Compensation in the reputation economy

In the world of compensation, a soft benefit is one which is not financial in nature. It may well cost the parent company money but is not perceived as monetary to the employee. They are hard to compare against each other as they often don’t have a hard monetary value. How much is it worth to you, for example, to have access to a gym with a swimming pool? What if the gym is on-site? What if your family could come to the gym?

I wrote a post last year for my internal company blog, and wrote about people who were not utilizing benefits like these, and how being smart about using them (as well as making more use of traditional “hard” benefits) could net you a decent raise.

In a year where a lot of benefits are being trimmed down, it’s time to look critically at an underutilized soft benefit: the ability to accumulate wealth in terms of reputation. People have been talking about a reputation economy since at least 2002, so clearly you should factor your reputation into your compensation. Some people are concerned that employees are gathering reputation wealth on their own and not gathering enough for their employers. In a world where everyday individual contributors are worried about personal branding, it’s obvious that this is only going to get more complex.

Providing employees with the ability to build their reputations isn’t exactly new ground; in many ways it’s similar to providing employees access to education. The employee gets a benefit which will outlast their employment while the employer gets a more engaged and educated employee. Many employees won’t even use the benefit, so employers can overprovision. Meanwhile, savvy employees can take home a lot more than just a paycheck by being among those who take advantage.

Some signs as to how a company feels about reputation accumulation (remember that reputation has relevance inside the corporation as well as outside it!) :

  • Are sites like Twitter and Facebook blocked?
  • Is there an internal social networking site?
  • Are employee blogs publicized internally? Externally?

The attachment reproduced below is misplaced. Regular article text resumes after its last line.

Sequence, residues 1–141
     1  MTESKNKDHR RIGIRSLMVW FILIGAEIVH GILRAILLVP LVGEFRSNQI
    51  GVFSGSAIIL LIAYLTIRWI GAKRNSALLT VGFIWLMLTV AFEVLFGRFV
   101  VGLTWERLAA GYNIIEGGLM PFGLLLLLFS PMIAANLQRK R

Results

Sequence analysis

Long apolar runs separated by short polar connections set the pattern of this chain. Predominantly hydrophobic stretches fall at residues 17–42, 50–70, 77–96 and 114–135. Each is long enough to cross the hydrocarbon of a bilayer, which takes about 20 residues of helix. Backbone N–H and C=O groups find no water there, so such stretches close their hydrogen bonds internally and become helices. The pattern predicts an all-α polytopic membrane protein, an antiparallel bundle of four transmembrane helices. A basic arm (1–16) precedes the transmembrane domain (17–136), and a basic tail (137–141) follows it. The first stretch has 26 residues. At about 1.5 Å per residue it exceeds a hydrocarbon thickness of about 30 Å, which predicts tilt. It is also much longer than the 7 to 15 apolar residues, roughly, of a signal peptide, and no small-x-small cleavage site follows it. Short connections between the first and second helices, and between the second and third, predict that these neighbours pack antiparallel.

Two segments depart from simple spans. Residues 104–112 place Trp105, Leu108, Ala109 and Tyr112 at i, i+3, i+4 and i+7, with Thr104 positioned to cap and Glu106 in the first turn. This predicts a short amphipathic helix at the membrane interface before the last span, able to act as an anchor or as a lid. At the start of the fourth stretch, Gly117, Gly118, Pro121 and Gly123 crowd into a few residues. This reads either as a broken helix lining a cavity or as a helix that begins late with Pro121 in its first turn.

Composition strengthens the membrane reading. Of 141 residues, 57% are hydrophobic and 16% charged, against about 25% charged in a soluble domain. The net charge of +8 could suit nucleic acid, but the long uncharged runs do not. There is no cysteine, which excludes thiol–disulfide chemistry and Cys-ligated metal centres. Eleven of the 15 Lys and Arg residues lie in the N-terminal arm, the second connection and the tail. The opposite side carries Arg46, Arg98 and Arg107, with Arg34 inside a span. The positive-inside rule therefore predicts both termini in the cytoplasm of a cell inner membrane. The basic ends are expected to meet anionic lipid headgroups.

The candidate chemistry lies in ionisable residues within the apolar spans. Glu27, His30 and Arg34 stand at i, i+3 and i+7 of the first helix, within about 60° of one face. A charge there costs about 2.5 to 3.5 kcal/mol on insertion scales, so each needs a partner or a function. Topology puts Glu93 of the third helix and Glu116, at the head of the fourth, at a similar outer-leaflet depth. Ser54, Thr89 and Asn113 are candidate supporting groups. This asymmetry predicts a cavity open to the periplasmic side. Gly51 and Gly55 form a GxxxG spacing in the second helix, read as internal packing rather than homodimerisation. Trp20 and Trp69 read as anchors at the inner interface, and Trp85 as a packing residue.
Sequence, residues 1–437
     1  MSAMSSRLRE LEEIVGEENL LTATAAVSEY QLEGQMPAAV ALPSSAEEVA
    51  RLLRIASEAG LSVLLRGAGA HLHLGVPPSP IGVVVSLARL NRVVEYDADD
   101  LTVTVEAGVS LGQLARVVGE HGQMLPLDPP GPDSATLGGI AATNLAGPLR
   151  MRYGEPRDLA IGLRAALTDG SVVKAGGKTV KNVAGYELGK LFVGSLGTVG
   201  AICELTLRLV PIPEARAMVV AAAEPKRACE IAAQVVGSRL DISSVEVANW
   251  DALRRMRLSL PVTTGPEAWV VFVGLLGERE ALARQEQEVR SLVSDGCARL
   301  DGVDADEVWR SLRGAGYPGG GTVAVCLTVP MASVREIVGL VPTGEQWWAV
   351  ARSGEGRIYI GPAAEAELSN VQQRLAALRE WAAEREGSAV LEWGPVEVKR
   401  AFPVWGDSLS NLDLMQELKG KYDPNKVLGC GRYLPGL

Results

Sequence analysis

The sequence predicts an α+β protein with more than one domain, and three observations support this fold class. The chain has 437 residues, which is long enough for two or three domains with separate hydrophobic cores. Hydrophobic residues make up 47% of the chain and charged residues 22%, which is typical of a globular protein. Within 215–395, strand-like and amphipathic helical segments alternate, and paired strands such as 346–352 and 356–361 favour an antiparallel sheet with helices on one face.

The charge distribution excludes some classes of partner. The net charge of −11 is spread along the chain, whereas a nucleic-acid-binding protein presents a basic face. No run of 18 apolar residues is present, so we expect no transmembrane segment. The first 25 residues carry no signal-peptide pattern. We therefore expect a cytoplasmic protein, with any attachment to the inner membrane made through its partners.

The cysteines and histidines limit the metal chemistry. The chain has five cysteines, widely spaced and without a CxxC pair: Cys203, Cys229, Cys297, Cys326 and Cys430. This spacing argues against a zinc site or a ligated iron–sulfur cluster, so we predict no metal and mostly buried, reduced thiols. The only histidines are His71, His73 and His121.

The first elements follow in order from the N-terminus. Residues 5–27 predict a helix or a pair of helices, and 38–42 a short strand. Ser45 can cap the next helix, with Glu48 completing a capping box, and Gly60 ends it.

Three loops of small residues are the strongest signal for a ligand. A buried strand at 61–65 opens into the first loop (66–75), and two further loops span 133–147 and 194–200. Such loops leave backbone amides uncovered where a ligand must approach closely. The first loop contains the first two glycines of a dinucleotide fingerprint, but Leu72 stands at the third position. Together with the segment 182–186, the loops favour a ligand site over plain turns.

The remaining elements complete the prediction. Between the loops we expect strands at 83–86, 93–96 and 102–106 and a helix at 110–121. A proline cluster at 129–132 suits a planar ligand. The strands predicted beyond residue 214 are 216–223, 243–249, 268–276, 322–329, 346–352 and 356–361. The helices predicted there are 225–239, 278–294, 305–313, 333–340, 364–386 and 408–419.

• (got any suggestions?  Add them in the comments)

Whether or not you’re building your digital reputation during work hours, your company can still do a lot to assist or harm you in your efforts. Dan Schawbel wrote about some of this, last month:

Smart companies understand that their best asset is their employees and if they let them build their brand, they will be able to better leverage it for promotional causes in the future. Would you rather have an employee with 10 Facebook friends or 5,000? It’s a no-brainer.

An assumption in that statement is that the company in question is interested in you marketing its brand somehow to those 5,000 friends. Of course, we’d all rather work for the company that wants the 5,000-friend employee.

I can tell you I have yet to see a resume with information on the applicant’s social network or personal brand. But then again, I haven’t exactly been doing a lot of hiring of late.

There’s a new balancing game in town. The companies and individuals who “get” it are getting a huge leg up on the competition for when the economic smoke clears.

1 comment so far ↓

#1 Jamie on 03.04.09 at 1:22 pm

Excellent post with excellent insight, Dave. This ties nicely into another area that I presented at EMC’s Summer Star program and that is how a potential (or present, for that matter) employer views your online presence. How many of us who are hiring managers Google a potential employee, even before the first interview (I’m raising my hand here).

In this age of social media and Web 2.0 tools and technologies in abundance, we have such an opportunity to increase our reputation and brand image to our benefit.

Thanks for sharing your insights!